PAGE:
Vol 3. Issue 31 / October 18, 2004
A Simple Strategy for Blocking HIV Transmission Proves Effective in Pre-Clinical Trials
By Jason Socrates Bardi
An international team of researchers recently announced the promising results of a preclinical study on a chemical called PSC-RANTES to block male-to-female sexual transmission of human immunodeficiency virus (HIV). In this week's issue of the journal Science, the team is publishing a report that describes how a topical microbicide with a high enough concentration of PSC-RANTES prevented HIV transmission to female rhesus macaques that were challenged with high doses of a modified form of HIV.
The corresponding author of the report was Michael Lederman, M.D., who is Scott R. Inkley Professor of Medicine and director of the Case Western Reserve University/University Hospitals of Cleveland Center for AIDS Research, in Cleveland, Ohio. Other important contributors to the research include Robin Offord, Ph.D., and Oliver Hartley, Ph.D., of the University of Geneva in Switzerland, the chemists who designed the chemical PSC-RANTES, and Ronald Veazey, DVM, who conducted the animal studies at the Tulane National Primate Research Center.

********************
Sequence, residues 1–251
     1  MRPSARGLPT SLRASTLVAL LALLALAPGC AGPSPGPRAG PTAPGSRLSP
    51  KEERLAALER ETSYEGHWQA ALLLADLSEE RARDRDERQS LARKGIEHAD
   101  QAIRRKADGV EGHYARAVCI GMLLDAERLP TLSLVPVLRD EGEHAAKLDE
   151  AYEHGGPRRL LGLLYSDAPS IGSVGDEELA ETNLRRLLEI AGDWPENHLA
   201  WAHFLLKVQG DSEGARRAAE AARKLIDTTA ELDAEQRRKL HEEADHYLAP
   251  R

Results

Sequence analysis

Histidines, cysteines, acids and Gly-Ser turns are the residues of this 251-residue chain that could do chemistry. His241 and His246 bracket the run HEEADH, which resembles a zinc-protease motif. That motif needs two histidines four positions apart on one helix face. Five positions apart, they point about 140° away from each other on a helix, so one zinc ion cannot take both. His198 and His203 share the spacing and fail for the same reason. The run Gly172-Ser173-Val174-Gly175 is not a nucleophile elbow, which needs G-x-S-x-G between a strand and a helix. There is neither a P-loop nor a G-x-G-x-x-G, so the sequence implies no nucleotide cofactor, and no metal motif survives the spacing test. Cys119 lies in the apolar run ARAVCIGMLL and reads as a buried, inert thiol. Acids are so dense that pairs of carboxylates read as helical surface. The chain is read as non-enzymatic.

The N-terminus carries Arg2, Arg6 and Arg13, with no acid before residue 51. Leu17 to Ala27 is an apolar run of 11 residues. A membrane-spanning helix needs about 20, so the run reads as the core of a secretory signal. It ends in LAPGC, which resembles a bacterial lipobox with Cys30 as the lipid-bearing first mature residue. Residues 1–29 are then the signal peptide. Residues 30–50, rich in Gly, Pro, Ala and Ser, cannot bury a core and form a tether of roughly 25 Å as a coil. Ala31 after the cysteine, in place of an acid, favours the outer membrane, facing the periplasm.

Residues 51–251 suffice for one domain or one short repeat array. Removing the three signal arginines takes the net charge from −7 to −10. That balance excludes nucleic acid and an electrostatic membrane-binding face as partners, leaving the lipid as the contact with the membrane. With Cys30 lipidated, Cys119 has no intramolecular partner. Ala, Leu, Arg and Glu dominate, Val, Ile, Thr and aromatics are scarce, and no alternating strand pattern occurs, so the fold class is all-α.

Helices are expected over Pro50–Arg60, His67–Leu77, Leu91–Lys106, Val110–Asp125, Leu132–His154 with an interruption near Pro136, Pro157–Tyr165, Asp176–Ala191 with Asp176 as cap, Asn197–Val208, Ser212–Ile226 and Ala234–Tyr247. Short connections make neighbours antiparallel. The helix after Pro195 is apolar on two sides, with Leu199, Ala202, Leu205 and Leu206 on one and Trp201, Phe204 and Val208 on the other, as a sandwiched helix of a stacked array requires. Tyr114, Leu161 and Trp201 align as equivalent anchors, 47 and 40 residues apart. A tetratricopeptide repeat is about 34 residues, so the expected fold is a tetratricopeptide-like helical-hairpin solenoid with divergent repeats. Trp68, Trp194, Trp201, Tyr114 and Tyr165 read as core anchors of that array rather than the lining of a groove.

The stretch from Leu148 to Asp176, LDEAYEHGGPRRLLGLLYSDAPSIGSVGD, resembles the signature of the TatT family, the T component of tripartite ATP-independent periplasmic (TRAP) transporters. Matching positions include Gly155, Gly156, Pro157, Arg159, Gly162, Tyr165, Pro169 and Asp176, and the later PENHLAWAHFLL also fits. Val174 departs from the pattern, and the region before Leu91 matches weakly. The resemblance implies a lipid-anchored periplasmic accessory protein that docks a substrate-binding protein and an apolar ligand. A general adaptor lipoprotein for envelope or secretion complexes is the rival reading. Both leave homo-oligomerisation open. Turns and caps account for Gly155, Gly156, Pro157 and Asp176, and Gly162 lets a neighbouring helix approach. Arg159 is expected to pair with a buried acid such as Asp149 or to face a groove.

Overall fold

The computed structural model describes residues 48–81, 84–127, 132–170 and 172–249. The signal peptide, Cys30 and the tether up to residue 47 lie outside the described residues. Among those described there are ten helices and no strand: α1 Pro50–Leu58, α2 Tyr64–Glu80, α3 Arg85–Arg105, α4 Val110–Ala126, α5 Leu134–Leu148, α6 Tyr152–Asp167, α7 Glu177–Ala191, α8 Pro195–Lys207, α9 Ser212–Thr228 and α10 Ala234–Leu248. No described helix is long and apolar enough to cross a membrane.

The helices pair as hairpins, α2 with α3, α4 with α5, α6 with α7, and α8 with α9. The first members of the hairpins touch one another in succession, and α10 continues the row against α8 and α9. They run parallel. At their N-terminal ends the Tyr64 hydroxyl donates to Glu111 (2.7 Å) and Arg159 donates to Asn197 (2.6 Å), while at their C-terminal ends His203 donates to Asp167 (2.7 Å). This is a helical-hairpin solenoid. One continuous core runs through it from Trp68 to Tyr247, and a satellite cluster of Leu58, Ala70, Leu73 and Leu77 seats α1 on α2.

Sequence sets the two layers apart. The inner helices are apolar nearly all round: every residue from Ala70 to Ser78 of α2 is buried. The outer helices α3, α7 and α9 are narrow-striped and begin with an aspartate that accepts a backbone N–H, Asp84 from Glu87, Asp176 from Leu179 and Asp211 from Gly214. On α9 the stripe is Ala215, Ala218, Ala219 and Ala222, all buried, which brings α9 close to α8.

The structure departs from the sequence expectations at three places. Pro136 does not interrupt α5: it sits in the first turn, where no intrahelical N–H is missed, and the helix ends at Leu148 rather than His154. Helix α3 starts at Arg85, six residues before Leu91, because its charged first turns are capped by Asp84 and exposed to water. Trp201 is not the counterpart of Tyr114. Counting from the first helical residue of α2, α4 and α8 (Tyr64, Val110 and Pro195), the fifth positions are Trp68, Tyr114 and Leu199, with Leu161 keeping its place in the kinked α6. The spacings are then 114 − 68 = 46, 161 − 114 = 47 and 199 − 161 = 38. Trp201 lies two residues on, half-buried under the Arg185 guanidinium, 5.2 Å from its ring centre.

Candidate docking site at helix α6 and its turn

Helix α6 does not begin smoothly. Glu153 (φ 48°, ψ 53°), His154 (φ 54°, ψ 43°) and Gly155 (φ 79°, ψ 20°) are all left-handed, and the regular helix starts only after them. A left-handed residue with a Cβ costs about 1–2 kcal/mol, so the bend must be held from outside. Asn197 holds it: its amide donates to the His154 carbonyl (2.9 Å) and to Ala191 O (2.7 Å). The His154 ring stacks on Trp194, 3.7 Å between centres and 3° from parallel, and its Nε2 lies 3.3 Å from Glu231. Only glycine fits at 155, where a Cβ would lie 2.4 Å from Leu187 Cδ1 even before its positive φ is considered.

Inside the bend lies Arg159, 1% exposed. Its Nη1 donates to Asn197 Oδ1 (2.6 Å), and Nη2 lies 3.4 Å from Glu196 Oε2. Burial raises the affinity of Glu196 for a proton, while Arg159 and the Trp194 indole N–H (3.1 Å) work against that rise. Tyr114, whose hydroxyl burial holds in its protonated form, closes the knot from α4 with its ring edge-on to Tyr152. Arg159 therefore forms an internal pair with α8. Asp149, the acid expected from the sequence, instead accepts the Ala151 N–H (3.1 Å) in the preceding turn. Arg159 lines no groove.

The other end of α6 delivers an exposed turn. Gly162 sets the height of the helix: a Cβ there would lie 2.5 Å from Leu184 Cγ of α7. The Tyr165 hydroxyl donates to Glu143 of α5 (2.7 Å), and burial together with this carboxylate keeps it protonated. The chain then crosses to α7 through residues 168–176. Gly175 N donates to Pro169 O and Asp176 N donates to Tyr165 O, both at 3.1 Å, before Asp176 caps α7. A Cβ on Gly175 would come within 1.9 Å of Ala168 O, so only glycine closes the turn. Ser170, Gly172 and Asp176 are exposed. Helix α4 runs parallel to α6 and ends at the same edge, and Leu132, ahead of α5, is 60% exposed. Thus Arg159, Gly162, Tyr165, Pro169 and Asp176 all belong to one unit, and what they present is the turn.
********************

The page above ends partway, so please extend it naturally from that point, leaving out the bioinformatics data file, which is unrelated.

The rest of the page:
Donald Mosier, M.D., Ph.D., who is a professor of immunology at The Scripps Research Institute, is also a member of this research team and one of the authors on the paper. Mosier has long been Lederman's collaborator on the project, and he contributed much of the preliminary work on characterizing PSC-RANTES prior to the animal studies.
PSC-RANTES works by targeting a protein in the body called C–C chemokine receptor 5 (CCR5)—the receptor on human cells to which HIV binds. HIV needs CCR5 in order to achieve infection of any given cell. In order for the virus to be transmitted during heterosexual intercourse—the number one way the virus is spread in many parts of the world—the virus must attach to CCR5 in cells within the vaginal mucosa. When these cells are protected with PSC-RANTES, however, the virus cannot attach to them.
"This molecule causes CCR5 to be internalized inside the cell and hide from the virus for long enough to prevent infection," says Mosier.
Learning From Resistance